This is fun! Greyhawk is a setting to play with these kinds of tropes.
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He Mage
It is possible that the "Suel" in the continent of Flanaess, roughly corresponds to reallife Nordic ethnicities. They are often depicted as having light complexion and the silliness of "viking horns".

There are difficulties with using Suel to represent Nordic ethnicities − besides how Greyhawk demonizes these ethnicities. Suel is decadent, cruel, and conniving. The N*zi Scarlet Brotherhood are said to preserve best the Suel culture. One can see why reallife Nordic peoples object to such an identification! The problematics continue. The Suel breed mul (≈ derro) as a dwarf-human slave hybrid. Likewise they engage defacto racist wars against orc, goblin, and hobgoblin, tho to be fair, Greyhawk characterizes these as more like nonhuman fiends, they remain ambiguously resembling reallife ethnicities anyway. The setting supposes that Suel is a specific prehistoric empire on the cusp of history in a location that roughly corresponds to the great deserts of Asia, such as Gobi Desert and Taklamakan. (These Asian deserts collide and blend with Mexican deserts.) In a later war, the Siberian-esque Baklunish unleashed the genocidal weapon of the "Rain of Colorless Fire" that causes the desolation of the Sea of Dust and genocides the Suel Imperium. During the various wars, many Suloise had already fled into the areas corresponding to North America, forming a Suel diaspora in North American Flanaess. Yeah.

If Suel is Nordic, they are far away from home. Perhaps they sail from Jotumheim to the gulf between Baklun and Dry Stepps, and south up the rivers to the mountains of what is now the Sea of Dust. There the population flourish.

In any case, the homelands of the Nordic ethnicities are around Jotnumheim Sea in NW Oerik. But this area exists off the edges of the maps of the World of Greyhawk from 1980 and 1983. The map beyond Flanaess that has these Nordic areas comes from the Dragon Annual magazine of 1996. It charts this Nordic "realm of the Jotnum". This map also mentions regions such as Erypt (= Egypt and Arabia) and Celestial Empire (= China).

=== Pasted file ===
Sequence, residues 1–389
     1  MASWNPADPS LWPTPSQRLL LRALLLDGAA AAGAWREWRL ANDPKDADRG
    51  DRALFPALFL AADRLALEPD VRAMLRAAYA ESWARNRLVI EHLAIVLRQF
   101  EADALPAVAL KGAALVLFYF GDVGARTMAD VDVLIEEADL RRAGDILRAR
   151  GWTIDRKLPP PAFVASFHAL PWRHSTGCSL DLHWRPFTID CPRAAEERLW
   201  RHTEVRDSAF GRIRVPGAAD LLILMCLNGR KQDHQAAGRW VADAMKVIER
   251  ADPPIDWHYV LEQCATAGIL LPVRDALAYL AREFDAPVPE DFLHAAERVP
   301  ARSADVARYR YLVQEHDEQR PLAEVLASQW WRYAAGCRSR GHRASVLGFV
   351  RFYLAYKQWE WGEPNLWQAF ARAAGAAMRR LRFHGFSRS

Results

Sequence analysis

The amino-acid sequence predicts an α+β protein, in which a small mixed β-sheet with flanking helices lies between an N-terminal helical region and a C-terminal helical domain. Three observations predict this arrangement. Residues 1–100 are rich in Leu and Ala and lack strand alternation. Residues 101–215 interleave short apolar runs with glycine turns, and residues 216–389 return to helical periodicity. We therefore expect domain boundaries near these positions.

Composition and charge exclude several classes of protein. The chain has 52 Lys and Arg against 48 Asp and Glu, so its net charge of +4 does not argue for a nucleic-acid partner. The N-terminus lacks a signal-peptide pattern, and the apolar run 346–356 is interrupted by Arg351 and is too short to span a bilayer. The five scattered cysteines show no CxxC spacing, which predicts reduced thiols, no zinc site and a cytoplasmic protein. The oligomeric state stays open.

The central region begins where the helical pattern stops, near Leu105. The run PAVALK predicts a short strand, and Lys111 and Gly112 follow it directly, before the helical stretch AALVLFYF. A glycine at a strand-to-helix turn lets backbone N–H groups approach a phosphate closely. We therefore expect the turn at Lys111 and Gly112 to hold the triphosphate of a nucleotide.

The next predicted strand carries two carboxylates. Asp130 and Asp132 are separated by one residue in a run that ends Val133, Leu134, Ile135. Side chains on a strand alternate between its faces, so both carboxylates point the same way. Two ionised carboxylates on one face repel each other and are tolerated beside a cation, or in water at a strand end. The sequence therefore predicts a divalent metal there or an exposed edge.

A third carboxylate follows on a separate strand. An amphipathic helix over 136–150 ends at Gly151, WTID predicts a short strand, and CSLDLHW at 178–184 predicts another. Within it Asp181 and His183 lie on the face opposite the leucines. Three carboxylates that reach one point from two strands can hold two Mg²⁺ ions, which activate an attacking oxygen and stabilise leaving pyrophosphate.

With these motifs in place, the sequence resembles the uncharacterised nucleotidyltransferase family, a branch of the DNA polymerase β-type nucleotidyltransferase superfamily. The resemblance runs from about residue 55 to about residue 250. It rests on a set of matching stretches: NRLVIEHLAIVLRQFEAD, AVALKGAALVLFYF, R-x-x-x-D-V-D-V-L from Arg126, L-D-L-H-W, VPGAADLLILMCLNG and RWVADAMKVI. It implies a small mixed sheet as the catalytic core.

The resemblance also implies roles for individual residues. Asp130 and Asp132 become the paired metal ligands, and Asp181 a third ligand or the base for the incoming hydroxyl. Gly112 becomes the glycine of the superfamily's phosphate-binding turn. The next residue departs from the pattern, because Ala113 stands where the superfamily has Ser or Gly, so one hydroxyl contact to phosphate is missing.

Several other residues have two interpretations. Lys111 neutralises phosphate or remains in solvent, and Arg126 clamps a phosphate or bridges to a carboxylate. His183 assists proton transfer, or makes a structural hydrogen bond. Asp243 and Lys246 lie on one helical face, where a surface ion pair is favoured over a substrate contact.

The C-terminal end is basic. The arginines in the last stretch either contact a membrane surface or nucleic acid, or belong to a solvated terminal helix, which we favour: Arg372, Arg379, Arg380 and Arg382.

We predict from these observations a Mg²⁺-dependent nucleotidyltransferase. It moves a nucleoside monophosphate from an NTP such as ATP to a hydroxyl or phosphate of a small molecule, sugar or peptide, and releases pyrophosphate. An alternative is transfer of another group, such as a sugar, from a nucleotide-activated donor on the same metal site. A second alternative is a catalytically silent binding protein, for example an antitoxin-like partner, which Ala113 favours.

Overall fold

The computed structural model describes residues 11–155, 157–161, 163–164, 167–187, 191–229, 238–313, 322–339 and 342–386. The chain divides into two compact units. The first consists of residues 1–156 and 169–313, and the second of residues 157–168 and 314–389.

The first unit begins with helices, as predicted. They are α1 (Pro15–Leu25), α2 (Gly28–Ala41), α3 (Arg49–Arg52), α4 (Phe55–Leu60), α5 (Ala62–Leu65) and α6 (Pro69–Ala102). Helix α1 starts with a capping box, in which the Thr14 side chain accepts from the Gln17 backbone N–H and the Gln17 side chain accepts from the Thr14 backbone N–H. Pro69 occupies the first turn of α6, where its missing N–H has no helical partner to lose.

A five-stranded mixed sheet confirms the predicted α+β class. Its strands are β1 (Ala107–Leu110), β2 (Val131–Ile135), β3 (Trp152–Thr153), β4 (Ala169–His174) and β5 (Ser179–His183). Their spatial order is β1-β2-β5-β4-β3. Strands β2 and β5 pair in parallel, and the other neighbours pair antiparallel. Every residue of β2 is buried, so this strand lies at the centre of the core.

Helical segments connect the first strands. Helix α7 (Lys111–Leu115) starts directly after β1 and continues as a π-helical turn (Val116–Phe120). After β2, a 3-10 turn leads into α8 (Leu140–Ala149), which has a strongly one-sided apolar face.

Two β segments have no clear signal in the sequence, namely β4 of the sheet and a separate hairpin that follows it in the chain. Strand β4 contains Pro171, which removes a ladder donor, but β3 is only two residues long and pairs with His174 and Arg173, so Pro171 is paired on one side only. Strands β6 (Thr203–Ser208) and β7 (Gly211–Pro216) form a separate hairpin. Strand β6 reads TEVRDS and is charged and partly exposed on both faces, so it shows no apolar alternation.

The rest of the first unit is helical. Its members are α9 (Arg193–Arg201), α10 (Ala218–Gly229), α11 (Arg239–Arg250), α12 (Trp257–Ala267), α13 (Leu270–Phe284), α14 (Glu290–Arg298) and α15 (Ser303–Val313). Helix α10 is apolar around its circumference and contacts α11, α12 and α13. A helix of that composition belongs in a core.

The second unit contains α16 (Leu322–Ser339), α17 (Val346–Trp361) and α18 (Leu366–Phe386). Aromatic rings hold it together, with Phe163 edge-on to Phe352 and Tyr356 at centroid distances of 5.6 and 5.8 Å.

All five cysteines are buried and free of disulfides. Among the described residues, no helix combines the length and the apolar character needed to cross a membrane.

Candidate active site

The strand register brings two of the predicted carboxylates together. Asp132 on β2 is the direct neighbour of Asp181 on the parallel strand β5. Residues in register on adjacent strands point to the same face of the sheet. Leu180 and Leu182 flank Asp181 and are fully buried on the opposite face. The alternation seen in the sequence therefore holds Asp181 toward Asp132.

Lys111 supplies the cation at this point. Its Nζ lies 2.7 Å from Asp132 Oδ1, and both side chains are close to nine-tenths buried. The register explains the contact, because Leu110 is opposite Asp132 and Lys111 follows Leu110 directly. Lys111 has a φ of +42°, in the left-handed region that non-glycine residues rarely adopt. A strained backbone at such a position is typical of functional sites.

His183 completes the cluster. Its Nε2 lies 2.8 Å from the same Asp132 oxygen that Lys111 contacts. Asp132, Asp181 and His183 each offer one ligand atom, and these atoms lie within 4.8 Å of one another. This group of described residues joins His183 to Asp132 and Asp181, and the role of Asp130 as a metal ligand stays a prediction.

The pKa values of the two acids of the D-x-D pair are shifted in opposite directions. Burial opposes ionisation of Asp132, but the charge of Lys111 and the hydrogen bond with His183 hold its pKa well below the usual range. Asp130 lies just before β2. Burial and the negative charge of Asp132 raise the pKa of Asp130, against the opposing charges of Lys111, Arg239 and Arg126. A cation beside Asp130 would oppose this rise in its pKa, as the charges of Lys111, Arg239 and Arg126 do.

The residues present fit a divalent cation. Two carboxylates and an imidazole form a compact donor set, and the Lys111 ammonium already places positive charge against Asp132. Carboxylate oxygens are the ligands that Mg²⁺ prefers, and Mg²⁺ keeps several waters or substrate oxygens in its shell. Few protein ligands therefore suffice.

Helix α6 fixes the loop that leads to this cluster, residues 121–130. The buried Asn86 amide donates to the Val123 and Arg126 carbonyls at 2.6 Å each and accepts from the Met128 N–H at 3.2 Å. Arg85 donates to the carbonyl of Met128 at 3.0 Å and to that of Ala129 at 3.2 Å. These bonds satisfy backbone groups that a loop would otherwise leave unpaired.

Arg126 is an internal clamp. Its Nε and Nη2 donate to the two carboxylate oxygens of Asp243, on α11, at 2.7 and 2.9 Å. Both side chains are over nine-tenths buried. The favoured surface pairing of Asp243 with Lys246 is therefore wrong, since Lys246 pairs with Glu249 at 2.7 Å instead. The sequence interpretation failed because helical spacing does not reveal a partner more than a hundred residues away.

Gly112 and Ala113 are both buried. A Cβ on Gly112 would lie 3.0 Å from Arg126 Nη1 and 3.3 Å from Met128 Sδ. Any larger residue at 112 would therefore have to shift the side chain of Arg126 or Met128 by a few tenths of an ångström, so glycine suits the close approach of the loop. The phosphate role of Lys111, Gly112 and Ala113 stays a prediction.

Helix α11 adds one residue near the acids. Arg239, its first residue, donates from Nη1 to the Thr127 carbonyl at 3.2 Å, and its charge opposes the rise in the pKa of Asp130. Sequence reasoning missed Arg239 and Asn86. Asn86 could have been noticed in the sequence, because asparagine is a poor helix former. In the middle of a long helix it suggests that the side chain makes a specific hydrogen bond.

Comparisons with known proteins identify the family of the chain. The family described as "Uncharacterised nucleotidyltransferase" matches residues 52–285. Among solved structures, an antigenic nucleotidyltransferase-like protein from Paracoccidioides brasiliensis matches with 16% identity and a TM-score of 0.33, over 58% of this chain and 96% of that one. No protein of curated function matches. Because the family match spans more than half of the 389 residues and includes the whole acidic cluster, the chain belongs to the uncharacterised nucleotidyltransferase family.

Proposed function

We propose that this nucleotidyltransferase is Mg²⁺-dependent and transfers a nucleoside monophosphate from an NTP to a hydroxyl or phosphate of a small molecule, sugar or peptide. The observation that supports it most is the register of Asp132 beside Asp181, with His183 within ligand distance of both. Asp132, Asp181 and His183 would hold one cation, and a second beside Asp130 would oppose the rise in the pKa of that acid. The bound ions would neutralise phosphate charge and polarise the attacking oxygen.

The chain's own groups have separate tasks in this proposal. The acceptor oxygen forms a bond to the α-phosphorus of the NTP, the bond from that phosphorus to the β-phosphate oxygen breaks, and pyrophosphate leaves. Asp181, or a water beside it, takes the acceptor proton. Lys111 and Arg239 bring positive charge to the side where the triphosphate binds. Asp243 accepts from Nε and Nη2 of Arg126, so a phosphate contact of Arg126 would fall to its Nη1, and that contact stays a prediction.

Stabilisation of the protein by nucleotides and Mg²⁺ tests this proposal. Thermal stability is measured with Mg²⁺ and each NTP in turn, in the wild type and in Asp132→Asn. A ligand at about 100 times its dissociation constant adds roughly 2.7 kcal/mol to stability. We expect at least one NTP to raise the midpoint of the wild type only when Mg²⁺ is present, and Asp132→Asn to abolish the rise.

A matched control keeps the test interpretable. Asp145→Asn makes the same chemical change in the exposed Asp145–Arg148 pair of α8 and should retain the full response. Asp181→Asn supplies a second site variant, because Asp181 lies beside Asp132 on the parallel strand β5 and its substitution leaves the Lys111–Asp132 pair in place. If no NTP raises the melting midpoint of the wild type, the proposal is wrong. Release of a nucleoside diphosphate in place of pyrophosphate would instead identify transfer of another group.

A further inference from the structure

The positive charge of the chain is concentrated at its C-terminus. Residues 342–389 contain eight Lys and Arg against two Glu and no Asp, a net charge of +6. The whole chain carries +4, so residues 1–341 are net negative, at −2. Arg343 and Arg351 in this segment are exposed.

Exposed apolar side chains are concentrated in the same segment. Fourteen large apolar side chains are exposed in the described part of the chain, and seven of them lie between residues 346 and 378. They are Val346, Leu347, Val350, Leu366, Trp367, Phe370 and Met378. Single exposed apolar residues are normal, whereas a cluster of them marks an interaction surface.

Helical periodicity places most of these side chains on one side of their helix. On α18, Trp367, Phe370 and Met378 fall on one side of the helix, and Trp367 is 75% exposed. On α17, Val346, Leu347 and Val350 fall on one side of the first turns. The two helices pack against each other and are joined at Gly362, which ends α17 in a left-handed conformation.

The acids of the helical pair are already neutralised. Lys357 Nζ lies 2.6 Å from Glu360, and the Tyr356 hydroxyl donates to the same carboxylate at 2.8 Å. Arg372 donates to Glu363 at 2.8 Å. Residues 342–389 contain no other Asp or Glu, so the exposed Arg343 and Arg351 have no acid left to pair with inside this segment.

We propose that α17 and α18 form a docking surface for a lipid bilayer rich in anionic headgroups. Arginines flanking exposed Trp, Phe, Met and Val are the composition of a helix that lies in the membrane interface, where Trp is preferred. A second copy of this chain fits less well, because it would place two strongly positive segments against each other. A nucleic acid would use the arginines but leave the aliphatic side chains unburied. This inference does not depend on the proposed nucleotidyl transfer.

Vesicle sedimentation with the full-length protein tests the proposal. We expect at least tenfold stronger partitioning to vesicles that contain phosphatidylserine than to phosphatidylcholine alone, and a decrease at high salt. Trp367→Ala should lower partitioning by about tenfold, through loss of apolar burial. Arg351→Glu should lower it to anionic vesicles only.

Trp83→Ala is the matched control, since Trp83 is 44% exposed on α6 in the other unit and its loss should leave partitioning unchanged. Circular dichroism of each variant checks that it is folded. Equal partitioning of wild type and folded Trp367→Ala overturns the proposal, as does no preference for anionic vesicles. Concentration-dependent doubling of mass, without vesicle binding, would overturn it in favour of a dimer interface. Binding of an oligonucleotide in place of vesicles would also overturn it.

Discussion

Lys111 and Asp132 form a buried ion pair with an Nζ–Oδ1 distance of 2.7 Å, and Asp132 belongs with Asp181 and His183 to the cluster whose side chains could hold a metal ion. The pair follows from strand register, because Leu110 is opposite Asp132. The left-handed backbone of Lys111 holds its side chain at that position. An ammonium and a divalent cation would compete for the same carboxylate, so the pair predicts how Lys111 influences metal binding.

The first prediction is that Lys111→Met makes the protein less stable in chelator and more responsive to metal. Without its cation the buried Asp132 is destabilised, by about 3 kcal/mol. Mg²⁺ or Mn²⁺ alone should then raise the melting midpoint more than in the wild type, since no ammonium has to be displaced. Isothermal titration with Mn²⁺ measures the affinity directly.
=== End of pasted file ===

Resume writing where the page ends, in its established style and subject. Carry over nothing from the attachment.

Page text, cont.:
In reallife, Nordic peoples founded communities in distant locations. Compare Vinland in North America and Rus in today Russia. The deserts of Asia and North America are awfully far away. But perhaps the Jotnum reach there. Perhaps the name Suel relates to Norse súl, meaning a "pillar" or "column".

Unfortunately, the surviving "Suel" populations are mainly "barbarians" and "jungle" dwellers. Moreover, these jungle dwellers have the unfortunate implication of white people appropriating the cultures of the Indigenous in Central and South Americas. Note Urnst and the islands of the Jerlea Sea are understood to be part of the Suel diaspora.

Here is what Gygax writes about the "Snow Barbarians". A Suloise is a member of Suel.

Suloise. The fleeing Suel folk were scattered in a broadcast fasshion across the Flanaess, so that many tended to mix with other groups. The Suel RACE (!) is very fair-skinned, some almost albino. They have light, red, yellow, blond, or platinum hair. Eye color varies from pale blue or violet through deep blue, with gray occasionally occuring. Curly hair is common. The inhabitants of the Dutchy of Ernst are nearly PURE Suel RACE (!). The Frost, Ice, and Snow BARBARIANS (!) are the BEST example [of racial purity]. The Suel folk are quite predominant in the island groups off the eastern coast of the Flanaess [such as the Jerlea Sea] as well as in the [N*zi] SCARLET BROTHERHOOD (!) region. Those BANDS that migrated into the [Central America] Amedio JUNGLE and [South America] Hepmonaland are so ALTERED (!) as to be no longer typical of the RACE (!): they are TAN to BROWN.


Yeah. No.

Scarlet Brotherhood. ... This [N*zi] order is purported to espouse the cause of the Suloise, claiming superiority of that RACE (!) above all others.


What makes this Greyhawk setting so violently painful to Norwegians is: the N*zis invaded us. The WW2 Germans did evil against Norway. They are not us.

The Nordic peoples are not − and have never been − Germans!

The concept of a socalled Aryan race is a bygone German scholarly racist fiction. There is no such thing!

That antihuman crap has nothing to do with us!


Gygax based his ideas on novels that few of us have read in this late era. Little of it is Tolkien or direct-Earth-analogue. Much of it is Lieber, P.Anderson, and Vance--who had some Earth analogues. Short elves. Non-arthurian LG paladins, etc. Roger Moores latest WoG interview w Jay Scott talks about exactly which fantasy novel paladins and gnomes came from.
Those inspirational sources are more relevant than Tolkien or Earth stuff.
Funny Kara Tur was supposed to be on Oerth, not Toril, but TSR...